Saturday, April 30, 2011

Biomimetic Robot

A biologically inspired robot:

Biomimetic Robot

Robotic Lobster
Robotic Lobster

Robotic Entomophagous
Robotic Entomophagous



The examination of nature, its models, systems, processes, and elements to emulate or take inspiration from in order to solve human problems:

Biomimicry (or Biomimetics)

Note: There are other terms used to refer to Biomimicry; e.g., Bionics, Bio-Inspiration, and Biognosis.



A Taiwan-based manufacturer of smartphones which initially made smartphones based mostly on Microsoft's Windows Mobile operating system software, but in 2009 it began to shift its core focus away from Windows Mobile devices to devices based on Android OS, and in 2010 to Windows Phone OS:




Windows Phone

A mobile operating system developed by Microsoft that is the successor to Microsoft's Windows Mobile platform:

Windows Phone

Windows Phone features a new user interface, based upon Microsoft's Windows Phone 7 design system, codenamed Metro. The home screen, called the "Start screen", is made up of "Live Tiles". Tiles are links to applications, features, functions and individual items (such as contacts, web pages, applications or media items). Users can add, rearrange, or remove Tiles. Tiles are dynamic and update in real time - for example, the tile for an email account would display the number of unread messages or a Tile could display a live update of the weather.

Several features of Windows Phone 7 are organized into "hubs", which combine local and online content via Windows Phone 7's integration with popular social networks such as Facebook and Windows Live. For example, the Pictures hub shows photos captured with the device's camera and the user's Facebook photo albums, and the People hub shows contacts aggregated from multiple sources including Windows Live, Facebook, and Gmail. From the Hub, users can directly comment and 'like' on social network updates. The other built-in hubs are Music and Video (which integrates with Zune), Games (which integrates with Xbox Live), Windows Phone Marketplace, and Microsoft Office.

Windows Phone 7 uses multi-touch technology. The default Windows Phone 7 user interface has a dark theme that prolongs battery life on OLED screens as fully black pixels don't emit light. The user may choose a light theme instead, and can also choose from several accent colors. User interface elements such as tiles are shown in the user's chosen accent color. Third-party applications can be automatically themed with these colors.

Users input text by using an on-screen virtual keyboard, which has a dedicated key for inserting emoticons, and features spell checking and word prediction. Users may change a word after it has been typed by tapping the word, which will invoke a list of similar words. Pressing and holding certain keys will reveal similar characters. The keys are somewhat larger and spaced farther apart when in landscape mode. Phones may also be made with a hardware keyboard for text input.

Windows Phone 7 features a version of Internet Explorer Mobile with a rendering engine that is "halfway between IE7 and IE8".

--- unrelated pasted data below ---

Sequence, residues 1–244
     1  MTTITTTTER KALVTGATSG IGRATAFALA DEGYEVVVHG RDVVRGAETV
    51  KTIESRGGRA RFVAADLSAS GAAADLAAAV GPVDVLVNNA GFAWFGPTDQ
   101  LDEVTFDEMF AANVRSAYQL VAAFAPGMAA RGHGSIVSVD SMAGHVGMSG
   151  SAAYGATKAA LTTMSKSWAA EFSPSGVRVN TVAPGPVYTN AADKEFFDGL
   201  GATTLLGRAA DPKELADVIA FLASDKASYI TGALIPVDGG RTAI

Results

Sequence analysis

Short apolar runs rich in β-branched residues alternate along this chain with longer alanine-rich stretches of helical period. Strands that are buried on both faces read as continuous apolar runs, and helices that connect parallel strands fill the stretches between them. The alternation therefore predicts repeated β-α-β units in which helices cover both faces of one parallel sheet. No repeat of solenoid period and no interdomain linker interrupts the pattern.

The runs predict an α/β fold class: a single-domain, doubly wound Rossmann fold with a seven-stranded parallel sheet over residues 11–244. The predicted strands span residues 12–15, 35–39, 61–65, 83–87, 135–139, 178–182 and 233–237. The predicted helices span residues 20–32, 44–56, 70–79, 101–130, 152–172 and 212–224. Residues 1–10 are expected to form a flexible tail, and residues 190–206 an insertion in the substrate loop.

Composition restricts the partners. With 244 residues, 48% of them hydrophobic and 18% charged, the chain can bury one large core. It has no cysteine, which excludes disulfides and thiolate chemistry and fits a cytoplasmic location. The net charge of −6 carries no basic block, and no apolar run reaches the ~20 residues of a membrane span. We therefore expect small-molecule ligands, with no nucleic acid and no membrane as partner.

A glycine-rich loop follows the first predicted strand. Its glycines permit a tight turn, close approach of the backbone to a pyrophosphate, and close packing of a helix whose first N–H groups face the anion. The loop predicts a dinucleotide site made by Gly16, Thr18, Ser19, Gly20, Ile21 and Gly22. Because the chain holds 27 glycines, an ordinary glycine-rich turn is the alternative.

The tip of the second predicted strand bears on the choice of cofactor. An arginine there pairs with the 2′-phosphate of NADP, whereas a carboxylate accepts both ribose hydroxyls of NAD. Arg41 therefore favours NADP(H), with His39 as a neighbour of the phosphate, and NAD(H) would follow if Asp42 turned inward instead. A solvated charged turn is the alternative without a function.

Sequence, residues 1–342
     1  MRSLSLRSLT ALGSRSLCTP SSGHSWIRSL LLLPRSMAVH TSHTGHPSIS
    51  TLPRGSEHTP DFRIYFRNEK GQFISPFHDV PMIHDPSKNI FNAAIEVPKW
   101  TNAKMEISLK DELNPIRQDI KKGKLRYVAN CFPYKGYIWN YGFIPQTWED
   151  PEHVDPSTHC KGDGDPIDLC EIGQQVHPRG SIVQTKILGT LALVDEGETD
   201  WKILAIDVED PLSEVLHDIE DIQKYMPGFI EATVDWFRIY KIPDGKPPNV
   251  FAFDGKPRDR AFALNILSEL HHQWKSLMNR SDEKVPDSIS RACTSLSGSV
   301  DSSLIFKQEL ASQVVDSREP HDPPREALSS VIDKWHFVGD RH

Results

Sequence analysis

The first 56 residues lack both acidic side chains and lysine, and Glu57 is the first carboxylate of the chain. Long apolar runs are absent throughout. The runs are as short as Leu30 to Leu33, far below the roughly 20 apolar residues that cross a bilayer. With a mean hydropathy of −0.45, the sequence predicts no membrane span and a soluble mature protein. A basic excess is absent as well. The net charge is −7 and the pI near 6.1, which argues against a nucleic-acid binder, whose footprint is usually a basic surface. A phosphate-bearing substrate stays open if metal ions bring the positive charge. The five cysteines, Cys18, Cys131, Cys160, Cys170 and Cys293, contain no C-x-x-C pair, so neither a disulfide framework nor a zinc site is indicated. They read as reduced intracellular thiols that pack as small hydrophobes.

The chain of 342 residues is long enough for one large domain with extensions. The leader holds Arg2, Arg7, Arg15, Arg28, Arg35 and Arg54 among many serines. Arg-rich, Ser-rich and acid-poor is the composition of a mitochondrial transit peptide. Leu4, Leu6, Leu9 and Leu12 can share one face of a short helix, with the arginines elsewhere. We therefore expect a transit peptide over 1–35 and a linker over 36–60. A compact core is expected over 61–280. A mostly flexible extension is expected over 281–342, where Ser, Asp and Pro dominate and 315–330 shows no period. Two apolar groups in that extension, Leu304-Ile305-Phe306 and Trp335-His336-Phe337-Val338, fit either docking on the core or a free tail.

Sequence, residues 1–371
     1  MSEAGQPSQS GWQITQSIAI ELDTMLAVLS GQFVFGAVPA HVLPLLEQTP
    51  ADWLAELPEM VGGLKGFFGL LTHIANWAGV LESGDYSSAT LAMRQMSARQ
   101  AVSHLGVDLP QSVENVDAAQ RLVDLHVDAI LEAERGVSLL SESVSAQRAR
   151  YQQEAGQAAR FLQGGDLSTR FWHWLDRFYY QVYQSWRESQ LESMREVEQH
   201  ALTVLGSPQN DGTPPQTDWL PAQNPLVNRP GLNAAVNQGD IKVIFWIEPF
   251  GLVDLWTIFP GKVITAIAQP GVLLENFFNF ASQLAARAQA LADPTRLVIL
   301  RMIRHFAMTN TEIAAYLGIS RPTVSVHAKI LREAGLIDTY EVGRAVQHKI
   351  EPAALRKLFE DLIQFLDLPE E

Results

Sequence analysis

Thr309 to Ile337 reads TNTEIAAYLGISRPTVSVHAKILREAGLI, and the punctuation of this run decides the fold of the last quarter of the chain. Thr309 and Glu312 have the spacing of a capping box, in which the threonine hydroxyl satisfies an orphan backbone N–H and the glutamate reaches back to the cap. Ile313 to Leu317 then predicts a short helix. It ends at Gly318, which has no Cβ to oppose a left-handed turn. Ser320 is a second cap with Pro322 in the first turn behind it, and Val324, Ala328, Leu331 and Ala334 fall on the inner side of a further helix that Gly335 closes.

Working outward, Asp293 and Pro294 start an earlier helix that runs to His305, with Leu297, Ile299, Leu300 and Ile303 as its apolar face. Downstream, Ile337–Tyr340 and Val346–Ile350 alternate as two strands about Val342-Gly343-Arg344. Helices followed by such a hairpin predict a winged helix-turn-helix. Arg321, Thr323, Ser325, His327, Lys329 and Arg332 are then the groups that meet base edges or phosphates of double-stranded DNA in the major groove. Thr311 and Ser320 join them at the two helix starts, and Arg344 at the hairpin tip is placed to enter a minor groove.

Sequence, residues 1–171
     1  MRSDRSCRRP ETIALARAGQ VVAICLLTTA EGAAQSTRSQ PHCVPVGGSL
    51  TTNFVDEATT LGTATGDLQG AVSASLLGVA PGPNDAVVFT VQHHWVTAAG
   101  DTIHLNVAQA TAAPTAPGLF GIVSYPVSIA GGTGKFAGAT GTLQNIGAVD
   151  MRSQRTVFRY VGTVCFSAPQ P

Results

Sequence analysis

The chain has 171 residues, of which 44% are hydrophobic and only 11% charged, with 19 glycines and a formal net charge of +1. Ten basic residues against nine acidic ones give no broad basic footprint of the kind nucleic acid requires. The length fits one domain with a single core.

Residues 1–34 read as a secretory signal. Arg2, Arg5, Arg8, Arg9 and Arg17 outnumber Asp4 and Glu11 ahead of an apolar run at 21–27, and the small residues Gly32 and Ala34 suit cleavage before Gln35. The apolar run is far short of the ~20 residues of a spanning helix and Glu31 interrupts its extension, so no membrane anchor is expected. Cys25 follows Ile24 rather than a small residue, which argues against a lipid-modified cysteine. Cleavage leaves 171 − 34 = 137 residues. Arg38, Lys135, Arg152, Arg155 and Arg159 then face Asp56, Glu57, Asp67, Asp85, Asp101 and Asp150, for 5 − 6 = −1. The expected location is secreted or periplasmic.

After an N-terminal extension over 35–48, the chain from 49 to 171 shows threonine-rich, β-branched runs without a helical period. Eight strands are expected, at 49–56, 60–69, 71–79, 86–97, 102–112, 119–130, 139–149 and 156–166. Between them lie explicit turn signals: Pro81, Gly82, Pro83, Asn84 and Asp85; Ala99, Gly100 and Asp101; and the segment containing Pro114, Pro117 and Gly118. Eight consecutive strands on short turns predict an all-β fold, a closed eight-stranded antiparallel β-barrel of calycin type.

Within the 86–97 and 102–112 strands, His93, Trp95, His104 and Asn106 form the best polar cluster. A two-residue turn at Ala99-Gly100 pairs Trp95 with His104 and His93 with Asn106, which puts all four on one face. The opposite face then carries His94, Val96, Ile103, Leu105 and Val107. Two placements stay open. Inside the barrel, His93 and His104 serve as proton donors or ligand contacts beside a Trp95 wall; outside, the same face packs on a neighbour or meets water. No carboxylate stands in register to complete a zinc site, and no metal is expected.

Internet Explorer on Windows Phone 7 allows the user to maintain a list of favorite web pages and tiles linking to web pages on the Start screen. The browser supports up to 6 tabs, which can all load in parallel. Other features include multi-touch gestures, a streamlined UI, smooth zoom in/out animations, the ability to save pictures that are on web pages, share web pages via email, and support for inline search which allows the user to search for a word or phrase in a web page by typing it. Microsoft has announced plans to regularly update the Windows Phone 7 web browser and its layout engine independently from the Windows Phone Update system.

In a demo, Microsoft said that users will be able to stream YouTube videos from the browser. Clicking on a video from the mobile YouTube website will launch the video in a standalone app and will also add the YouTube video to the Music + Video Hub.

A future version of Internet Explorer Mobile based on Internet Explorer 9 is also in development for the Windows Phone OS and includes better HTML, CSS and JavaScript standards support, as well as hardware acceleration.

Partnership with Nokia:

On 11 February 2011, at a press event in London, Microsoft CEO Steve Ballmer and Nokia CEO Stephen Elop announced a partnership between their companies in which Windows Phone would become the primary smartphone operating system for Nokia. The event was largely focused on creating “a new global mobile ecosystem”, suggesting competition with Android and iOS by saying "It is now a three horse race". Integration of Microsoft services with Nokia’s own services were announced specifically that Bing would power search across Nokia devices, and an integration of Nokia Maps with Bing Maps as well as Nokia’s application store being integrated with the Windows Phone Marketplace. The partnership involves "funds changing hands for royalties, marketing and ad-revenue sharing", which Microsoft later announced was, "measured in billions of dollars." [source:]



The fourth (latest) generation of cellular wireless standards, with peak data rates of up to approximately 100 Mbit/s for high mobility such as mobile access and up to approximately 1 Gbit/s for low mobility such as nomadic/local wireless access: